For the first time, the full, explosive record of the unthinkable: how a US president compromised American foreign policy in exchange for the promise of future business and covert election assistance.

Looking back at this moment in history, historians will ask if Americans knew they were living through the first case of criminal conspiracy between an American presidential candidate turned commander in chief and a geopolitical enemy. The answer might be: it was hard to see the whole picture. The stories coming in from around the globe have often seemed fantastical: clandestine meetings in foreign capitals, secret recordings in a Moscow hotel, Kremlin agents infiltrating the Trump inner circle...

Seth Abramson has tracked every one of these far-flung reports and now in, Proof of Collusion, he finally gives us a record of the unthinkable—a president compromising American foreign policy in exchange for the promise of future business and covert election assistance. The attorney, professor, and former criminal investigator has used his exacting legal mind and forensic acumen to compile, organize, and analyze every piece of the Trump-Russia story. His conclusion is clear: the case for collusion is staring us in the face. Drawing from American and European news outlets, he takes readers through the Trump-Russia scandal chronologically, putting the developments in context and showing how they connect. His extraordinary march through all the public evidence includes:

—How Trump worked for thirty years to expand his real estate empire into Russia even as he was rescued from bankruptcy by Putin’s oligarchs and Kremlin agents.

—How Russian intelligence gathered compromising material on him over multiple trips.

—How Trump recruited Russian allies and business partners while running for president.

—How he surrounded himself with advisers who engaged in clandestine negotiations with Russia.

—How Trump aides and family members held secret meetings with foreign agents and lied about them.

By pulling every last thread of this complicated story together, Abramson argues that—even in the absence of a Congressional investigation or a report from Special Counsel Mueller—the public record already indicates a quid pro quo between Trump and the Kremlin. The most extraordinary part of the case for collusion is that so much of it unfolded in plain sight.
Trace the opening rounds of the Trump administration: highlighting the 2016 election, transition, inauguration, and first one hundred days.

Never losing sight of the foundations of the office, The Politics of the Presidency maintains a balance between historical context, the current political environment, and contemporary scholarship on the executive branch, providing a solid foundation for any presidency course. In addition to offering you a comprehensive framework for understanding the expectations, powers, and limitations of the executive branch, the Revised Ninth Edition uses the most up-to-date coverage and analysis of the 2016 election and Trump administration to demonstrate key concepts.

New to the Revised Ninth Edition:

A new chapter dedicated to the Trump transition and first one hundred days examines important topics such as the immigration ban and other executive orders; efforts at deregulation; the targeted military strikes in Syria; and the war on the intelligence community and the deconstruction of the administrative state. Recent congressional relations analyzed, including the confirmation of Supreme Court justice Neil Gorsuch after Senate Republicans employed the “nuclear option” and took away the opportunity to filibuster Supreme Court nominees; efforts to repeal and replace Obamacare; fiscal 2017 and 2018 budget negotiations; and congressional investigations of the Trump campaign’s ties to Russia, his firing of FBI director James Comey, and the appointment of a special counsel in the matter. An assessment of the public presidency reviews Trump’s approval ratings, communications strategies, and media coverage. Discussions of Trump’s leadership challenges in a polarized age explain the difficulties of unifying a nation after a bitter election, launching an administration, and structuring the executive branch.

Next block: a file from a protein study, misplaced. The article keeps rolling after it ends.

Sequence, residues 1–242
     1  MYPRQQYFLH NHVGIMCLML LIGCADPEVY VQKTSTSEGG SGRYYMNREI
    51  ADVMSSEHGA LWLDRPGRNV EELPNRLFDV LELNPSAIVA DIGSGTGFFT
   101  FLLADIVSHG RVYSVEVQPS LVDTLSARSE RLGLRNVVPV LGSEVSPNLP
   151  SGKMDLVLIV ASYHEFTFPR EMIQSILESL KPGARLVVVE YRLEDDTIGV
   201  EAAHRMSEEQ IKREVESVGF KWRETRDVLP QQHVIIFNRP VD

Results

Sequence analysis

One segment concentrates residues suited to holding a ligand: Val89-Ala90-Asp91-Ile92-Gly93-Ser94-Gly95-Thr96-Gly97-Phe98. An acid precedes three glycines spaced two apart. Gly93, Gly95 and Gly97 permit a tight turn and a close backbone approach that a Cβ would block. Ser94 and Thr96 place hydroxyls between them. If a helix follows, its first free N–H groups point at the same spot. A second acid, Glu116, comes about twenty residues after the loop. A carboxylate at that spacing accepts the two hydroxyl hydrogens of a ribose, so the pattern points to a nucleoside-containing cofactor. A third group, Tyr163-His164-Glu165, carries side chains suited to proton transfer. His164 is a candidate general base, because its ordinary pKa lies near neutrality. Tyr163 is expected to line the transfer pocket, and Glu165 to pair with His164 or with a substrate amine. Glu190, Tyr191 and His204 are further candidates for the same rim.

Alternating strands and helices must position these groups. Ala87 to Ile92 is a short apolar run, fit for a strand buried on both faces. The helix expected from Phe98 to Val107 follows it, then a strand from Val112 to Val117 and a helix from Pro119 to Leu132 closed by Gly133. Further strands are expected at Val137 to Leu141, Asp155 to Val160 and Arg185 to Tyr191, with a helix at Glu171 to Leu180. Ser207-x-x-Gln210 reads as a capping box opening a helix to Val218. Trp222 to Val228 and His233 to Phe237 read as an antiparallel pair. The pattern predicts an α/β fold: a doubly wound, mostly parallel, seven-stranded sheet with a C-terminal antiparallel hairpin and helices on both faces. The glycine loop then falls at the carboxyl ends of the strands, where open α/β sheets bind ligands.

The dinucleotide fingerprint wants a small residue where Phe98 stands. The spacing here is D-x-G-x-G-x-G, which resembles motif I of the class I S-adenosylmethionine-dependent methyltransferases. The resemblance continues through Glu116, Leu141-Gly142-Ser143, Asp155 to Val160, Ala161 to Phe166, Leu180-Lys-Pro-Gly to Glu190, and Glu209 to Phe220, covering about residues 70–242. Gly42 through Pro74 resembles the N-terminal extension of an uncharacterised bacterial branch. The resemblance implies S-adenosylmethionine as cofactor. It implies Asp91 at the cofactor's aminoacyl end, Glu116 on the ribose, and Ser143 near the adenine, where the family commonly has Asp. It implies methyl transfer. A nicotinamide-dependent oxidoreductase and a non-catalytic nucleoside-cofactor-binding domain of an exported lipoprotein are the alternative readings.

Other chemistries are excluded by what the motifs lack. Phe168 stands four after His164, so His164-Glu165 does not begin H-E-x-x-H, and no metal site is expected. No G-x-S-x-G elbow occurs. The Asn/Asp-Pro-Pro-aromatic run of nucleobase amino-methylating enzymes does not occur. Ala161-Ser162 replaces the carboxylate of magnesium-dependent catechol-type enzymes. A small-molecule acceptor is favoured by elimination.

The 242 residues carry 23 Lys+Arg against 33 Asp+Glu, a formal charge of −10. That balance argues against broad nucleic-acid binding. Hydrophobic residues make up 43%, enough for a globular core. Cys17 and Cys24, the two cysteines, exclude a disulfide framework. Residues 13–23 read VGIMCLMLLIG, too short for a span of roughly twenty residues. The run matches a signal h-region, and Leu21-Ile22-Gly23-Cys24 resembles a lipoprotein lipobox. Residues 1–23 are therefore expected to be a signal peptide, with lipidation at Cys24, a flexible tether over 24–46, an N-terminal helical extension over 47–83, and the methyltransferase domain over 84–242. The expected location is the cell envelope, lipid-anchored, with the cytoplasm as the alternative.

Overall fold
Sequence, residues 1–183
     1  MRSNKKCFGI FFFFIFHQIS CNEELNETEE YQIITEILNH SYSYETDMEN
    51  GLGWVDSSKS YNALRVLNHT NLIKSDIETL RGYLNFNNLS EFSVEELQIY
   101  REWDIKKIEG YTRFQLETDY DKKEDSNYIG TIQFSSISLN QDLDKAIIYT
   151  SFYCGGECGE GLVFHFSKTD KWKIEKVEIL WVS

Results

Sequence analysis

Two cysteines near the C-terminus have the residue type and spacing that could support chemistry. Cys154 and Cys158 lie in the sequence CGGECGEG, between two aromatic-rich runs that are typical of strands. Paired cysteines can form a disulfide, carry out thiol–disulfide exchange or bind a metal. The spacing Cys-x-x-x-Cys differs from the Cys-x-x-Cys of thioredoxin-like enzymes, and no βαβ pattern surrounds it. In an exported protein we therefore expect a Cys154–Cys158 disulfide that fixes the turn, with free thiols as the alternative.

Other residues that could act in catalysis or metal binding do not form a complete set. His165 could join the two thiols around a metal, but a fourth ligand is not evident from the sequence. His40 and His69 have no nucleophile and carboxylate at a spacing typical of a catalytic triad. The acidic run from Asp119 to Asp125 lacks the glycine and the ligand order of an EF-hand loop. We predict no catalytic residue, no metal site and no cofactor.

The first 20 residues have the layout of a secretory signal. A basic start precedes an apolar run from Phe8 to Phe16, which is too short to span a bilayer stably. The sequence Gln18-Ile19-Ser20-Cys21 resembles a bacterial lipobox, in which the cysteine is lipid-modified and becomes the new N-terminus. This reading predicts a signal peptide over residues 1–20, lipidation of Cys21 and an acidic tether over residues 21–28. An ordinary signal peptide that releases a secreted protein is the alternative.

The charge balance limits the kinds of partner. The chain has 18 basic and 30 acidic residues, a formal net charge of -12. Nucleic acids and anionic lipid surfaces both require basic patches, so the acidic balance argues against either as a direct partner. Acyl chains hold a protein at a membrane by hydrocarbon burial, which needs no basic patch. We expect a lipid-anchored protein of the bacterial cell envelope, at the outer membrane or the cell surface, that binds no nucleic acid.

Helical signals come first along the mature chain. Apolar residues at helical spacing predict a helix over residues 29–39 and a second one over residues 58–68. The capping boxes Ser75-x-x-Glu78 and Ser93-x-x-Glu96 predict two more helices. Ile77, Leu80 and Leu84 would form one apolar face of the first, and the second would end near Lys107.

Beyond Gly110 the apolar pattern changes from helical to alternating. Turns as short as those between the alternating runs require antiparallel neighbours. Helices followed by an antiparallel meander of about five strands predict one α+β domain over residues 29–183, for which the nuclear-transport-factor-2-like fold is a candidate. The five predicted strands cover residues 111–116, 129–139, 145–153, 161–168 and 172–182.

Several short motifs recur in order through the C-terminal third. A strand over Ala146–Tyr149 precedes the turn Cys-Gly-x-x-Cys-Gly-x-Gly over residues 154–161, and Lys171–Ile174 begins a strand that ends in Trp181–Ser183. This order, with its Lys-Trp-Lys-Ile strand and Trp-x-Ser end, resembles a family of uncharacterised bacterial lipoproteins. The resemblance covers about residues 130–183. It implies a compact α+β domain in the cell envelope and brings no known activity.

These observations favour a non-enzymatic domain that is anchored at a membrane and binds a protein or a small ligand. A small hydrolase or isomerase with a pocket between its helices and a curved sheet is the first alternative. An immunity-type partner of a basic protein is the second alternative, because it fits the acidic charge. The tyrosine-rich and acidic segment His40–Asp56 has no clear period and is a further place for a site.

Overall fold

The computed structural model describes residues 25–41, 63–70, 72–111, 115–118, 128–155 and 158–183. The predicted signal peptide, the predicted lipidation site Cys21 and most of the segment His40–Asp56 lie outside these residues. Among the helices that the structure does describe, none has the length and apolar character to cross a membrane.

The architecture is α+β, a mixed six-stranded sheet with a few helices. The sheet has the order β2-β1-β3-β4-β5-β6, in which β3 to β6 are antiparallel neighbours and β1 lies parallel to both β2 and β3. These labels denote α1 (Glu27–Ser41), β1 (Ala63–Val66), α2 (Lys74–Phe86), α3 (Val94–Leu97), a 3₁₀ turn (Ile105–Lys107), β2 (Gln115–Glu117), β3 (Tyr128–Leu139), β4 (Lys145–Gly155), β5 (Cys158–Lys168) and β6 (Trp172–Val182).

The expansion of executive powers amid the war on terrorism has brought the presidency to the center of heated public debate. Now, in The American Presidency, presidential authority Charles O. Jones provides invaluable background to the current controversy, in a compact, reliable guide to the office of the chief executive. This marvelously concise survey is packed with information about the presidency, some of it quite surprising. We learn, for example, that the Founders adopted the word "president" over "governor" and other alternatives because it suggested a light hand, as in one who presides, rather than rules. Indeed, the Constitutional Convention first agreed to a weak chief executive elected by congress for one seven-year term, later calling for independent election and separation of powers. Jones sheds much light on how assertive leaders, such as Andrew Jackson, Theodore Roosevelt, and FDR enhanced the power of the presidency, and illuminating how such factors as philosophy (Reagan's anti-Communist conservatism), the legacy of previous presidencies (Jimmy Carter following Watergate), relations with Congress, and the impact of outside events have all influenced presidential authority. He also explores the rise of federal power and the dramatic expansion of federal agencies, showing how the president takes a direct hand in this vast bureaucracy, and he examines the political process of selecting presidents, from the days of deadlocked conventions to the rise of the primary after World War II. "In 200 years," he writes, "the presidency had changed from that of a person--Washington followed by Adams, then Jefferson--to a presidential enterprise with a cast of thousands." Jones explains how this remarkable expansion has occurred and where it may lead in the future. About the Series: Combining authority with wit, accessibility, and style, Very Short Introductions offer an introduction to some of life's most interesting topics. Written by experts for the newcomer, they demonstrate the finest contemporary thinking about the central problems and issues in hundreds of key topics, from philosophy to Freud, quantum theory to Islam.